Feature

What the teams said – Qualifying in Monaco

Special Contributor

Becky Hart
Share
MONTE-CARLO, MONACO - MAY 27: Valtteri Bottas of Finland driving the (77) Alfa Romeo F1 C43 Ferrari

Red Bull

To say there were mixed fortunes at Red Bull is a bit of an understatement. Perez crashed in Q1, carrying too much speed into the first corner and hitting the barriers hard. That ended his session, relegated him to P20 on the grid and worse might follow, with a pit lane start a possibility if he needs a new gearbox. But his team mate wasn’t to be stopped this year in Monaco. Under pressure on his final run in Q3, behind on the clock after a cautious first sector, Verstappen threw everything he had at the lap and made up three tenths in the final sector to grab his first pole at this track.

READ MORE: Verstappen ‘gave it everything’ en route to maiden Monaco pole as he hopes to avoid race-day ‘chaos’

Max Verstappen, 1st, 1:11.365

“We knew it was going to be a bit of a struggle this weekend, but everything came together in the end. Yesterday wasn’t the best start but I think we kept on improving and getting better. My final lap today wasn’t ideal, I gave it everything I had and risked it all in the third sector, as I knew I was behind. I clipped a few barriers but I’m happy to be on pole here for the first time. Tomorrow we need a clean start, it’s a short run to Turn 1 and in Monaco a lot of things can happen. Race-pace wise the car is quick so hopefully we can have a positive day.”

Sergio Perez, 20th, 1:13.850

“I am really disappointed with myself today. It was going well; I was happy with the balance and in Q1 naturally you are progressing and finding new limits. Going into the corner I just lost the rear-end quite late, which caught me out and I had nowhere to go, I could not cut the corner or get out of the corner. Unfortunately, that meant I ended up touching the wall and I cannot believe what I have done. This mistake is too difficult to digest right now, I don’t know what to say, I am just sorry for my team, they don’t deserve this.

“We will assess the car and see how the damage is, then we can make some decisions ahead of the race. We would have been in the mix for sure today, so it is doubly disappointing, it was a big opportunity for us. It’s a big hit in the championship for me and I have probably lost a lot of points. If it’s a normal race it will be hard to do anything tomorrow, I have a fast car but it’s nearly impossible to pass here with these wide cars, it is going to be tricky to make progress, but we will try everything.”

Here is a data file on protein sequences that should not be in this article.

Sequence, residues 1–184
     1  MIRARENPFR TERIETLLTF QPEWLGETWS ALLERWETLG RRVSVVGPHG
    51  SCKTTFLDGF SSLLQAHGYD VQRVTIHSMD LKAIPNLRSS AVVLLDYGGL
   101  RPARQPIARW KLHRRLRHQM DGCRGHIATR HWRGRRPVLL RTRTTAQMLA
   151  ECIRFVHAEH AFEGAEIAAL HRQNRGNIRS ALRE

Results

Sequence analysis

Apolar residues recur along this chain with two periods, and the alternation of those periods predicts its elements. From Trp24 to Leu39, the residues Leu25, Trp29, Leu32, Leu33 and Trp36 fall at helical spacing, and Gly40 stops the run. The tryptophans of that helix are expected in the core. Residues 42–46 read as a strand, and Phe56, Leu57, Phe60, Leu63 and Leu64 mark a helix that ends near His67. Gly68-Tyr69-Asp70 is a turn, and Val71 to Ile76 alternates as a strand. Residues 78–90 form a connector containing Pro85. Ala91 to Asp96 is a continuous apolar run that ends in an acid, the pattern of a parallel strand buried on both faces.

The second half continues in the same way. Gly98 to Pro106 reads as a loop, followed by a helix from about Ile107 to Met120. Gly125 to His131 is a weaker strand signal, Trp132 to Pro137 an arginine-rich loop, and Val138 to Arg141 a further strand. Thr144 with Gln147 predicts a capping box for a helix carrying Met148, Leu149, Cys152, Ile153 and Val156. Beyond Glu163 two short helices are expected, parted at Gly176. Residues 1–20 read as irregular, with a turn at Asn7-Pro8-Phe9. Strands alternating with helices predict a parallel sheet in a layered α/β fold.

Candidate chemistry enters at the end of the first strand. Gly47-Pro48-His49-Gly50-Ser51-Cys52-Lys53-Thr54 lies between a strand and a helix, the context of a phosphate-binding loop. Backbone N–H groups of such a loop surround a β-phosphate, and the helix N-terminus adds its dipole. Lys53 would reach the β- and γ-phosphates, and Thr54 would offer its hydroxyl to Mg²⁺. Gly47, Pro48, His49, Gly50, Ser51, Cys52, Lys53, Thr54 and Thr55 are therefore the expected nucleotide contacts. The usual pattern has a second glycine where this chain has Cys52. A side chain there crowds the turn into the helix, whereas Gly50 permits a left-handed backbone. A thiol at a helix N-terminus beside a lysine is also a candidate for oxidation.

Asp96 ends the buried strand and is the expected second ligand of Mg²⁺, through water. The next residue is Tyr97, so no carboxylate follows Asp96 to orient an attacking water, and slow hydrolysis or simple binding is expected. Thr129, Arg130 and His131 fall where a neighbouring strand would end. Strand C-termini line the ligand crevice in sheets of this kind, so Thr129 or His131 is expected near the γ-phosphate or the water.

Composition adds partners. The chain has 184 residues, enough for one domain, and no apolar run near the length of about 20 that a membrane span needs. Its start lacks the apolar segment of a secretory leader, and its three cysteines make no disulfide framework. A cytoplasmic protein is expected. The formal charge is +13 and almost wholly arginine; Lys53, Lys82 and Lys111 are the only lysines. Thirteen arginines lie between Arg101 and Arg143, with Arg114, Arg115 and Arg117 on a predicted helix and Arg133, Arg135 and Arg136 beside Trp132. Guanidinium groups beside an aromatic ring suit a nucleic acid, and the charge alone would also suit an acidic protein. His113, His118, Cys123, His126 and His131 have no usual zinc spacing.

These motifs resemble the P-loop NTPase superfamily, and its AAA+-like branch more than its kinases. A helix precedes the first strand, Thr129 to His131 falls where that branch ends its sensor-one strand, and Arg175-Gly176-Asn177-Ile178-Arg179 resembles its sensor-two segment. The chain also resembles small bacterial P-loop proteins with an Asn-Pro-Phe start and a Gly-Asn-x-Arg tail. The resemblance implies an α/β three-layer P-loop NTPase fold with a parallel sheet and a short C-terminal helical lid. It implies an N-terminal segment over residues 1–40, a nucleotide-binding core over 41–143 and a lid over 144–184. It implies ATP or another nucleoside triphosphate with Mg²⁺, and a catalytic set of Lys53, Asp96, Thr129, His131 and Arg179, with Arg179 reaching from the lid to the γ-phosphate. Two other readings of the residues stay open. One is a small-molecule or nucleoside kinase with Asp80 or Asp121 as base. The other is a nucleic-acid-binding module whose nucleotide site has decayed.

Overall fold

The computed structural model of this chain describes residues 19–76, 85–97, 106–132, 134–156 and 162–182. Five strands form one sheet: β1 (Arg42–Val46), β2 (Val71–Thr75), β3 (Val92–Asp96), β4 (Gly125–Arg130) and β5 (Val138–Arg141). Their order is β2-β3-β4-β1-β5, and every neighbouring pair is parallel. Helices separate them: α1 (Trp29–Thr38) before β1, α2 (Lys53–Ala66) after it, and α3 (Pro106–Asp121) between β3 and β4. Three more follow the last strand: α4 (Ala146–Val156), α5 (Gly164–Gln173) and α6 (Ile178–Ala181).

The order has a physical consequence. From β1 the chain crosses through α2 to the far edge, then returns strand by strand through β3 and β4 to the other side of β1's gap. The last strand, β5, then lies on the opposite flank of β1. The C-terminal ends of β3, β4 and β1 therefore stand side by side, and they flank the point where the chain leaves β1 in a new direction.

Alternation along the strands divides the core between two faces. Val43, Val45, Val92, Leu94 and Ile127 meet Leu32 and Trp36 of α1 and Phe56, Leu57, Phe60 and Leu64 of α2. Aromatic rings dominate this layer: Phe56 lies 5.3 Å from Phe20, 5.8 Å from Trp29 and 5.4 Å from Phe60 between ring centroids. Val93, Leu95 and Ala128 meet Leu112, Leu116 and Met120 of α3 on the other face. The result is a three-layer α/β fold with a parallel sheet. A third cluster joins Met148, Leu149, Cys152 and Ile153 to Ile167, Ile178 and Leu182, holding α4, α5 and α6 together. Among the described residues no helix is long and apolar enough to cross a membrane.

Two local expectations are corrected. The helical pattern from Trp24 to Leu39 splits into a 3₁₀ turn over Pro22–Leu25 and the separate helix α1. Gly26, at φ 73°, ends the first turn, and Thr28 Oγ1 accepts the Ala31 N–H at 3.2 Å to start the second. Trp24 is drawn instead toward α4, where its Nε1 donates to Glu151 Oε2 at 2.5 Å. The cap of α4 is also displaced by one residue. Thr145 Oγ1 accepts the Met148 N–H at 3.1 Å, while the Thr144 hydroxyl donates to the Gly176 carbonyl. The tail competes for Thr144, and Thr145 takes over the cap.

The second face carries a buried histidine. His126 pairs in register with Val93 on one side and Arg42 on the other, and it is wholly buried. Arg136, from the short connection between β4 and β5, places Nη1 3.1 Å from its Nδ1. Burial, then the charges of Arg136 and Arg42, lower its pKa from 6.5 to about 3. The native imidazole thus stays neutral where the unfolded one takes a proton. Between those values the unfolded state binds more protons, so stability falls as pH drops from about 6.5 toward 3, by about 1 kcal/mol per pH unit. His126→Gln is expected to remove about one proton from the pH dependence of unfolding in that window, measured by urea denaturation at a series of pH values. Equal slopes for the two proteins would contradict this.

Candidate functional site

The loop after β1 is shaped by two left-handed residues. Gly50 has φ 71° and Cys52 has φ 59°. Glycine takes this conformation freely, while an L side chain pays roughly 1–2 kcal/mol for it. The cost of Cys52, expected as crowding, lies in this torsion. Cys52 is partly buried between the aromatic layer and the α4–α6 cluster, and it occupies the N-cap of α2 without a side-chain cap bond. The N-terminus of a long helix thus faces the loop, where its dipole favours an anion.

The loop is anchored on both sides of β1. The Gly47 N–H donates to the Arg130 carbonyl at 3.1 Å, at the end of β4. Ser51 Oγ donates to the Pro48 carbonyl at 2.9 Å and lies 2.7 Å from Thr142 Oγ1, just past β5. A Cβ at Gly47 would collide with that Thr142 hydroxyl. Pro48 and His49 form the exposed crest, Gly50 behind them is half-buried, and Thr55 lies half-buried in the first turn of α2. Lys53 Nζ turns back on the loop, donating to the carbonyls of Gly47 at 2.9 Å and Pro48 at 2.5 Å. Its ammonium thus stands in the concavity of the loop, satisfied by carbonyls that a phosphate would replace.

Christian Horner, Team Principal

“That was one of the most exciting laps Max has ever driven in quali, what a performance. On the last lap, when he arrived at the Swimming Pool he was 0.2 of a second behind Fernando and then in that last sector he hit the wall twice but his momentum carried him through, he was gaining time and then he did it, he took pole. An unreal drive. Sadly for Checo, he didn’t get the opportunity to show what he can do around here. A mistake too early in Q1 put an end to his qualifying campaign. It was a shame but we are looking forward to what tomorrow brings. Both drivers will be hungry to make the most of their respective positions on the grid, it will be a very exciting race.”

1 / 2

MONTE-CARLO, MONACO - MAY 27: Pole position qualifier Max Verstappen of the Netherlands and Oracle Red Bull Racing celebrates in parc ferme during qualifying ahead of the F1 Grand Prix of Monaco at Circuit de Monaco on May 27, 2023 in Monte-Carlo, Monaco. (Photo by Dan Istitene - Formula 1/Formula 1 via Getty Images)

Aston Martin

Alonso had looked strong from the off this weekend, so it was no surprise to see him challenging for pole. He even went so far as to grab provisional pole in Q3, and as the chequered flag fell, only Verstappen was on a lap and could dethrone him. The Dutchman duly delivered, but P2 is still a strong starting slot at a track where grid position matters more than ever. As for Stroll, he made a mistake into Rascasse on his last effort in Q2 to fall by the wayside. The Canadian was also sent to the stewards for missing the weighbridge in qualifying, but the panel took no further action.

FACTS AND STATS: A first front row start in Monaco for Alonso in 16 years

Fernando Alonso, 2nd, 1:11.449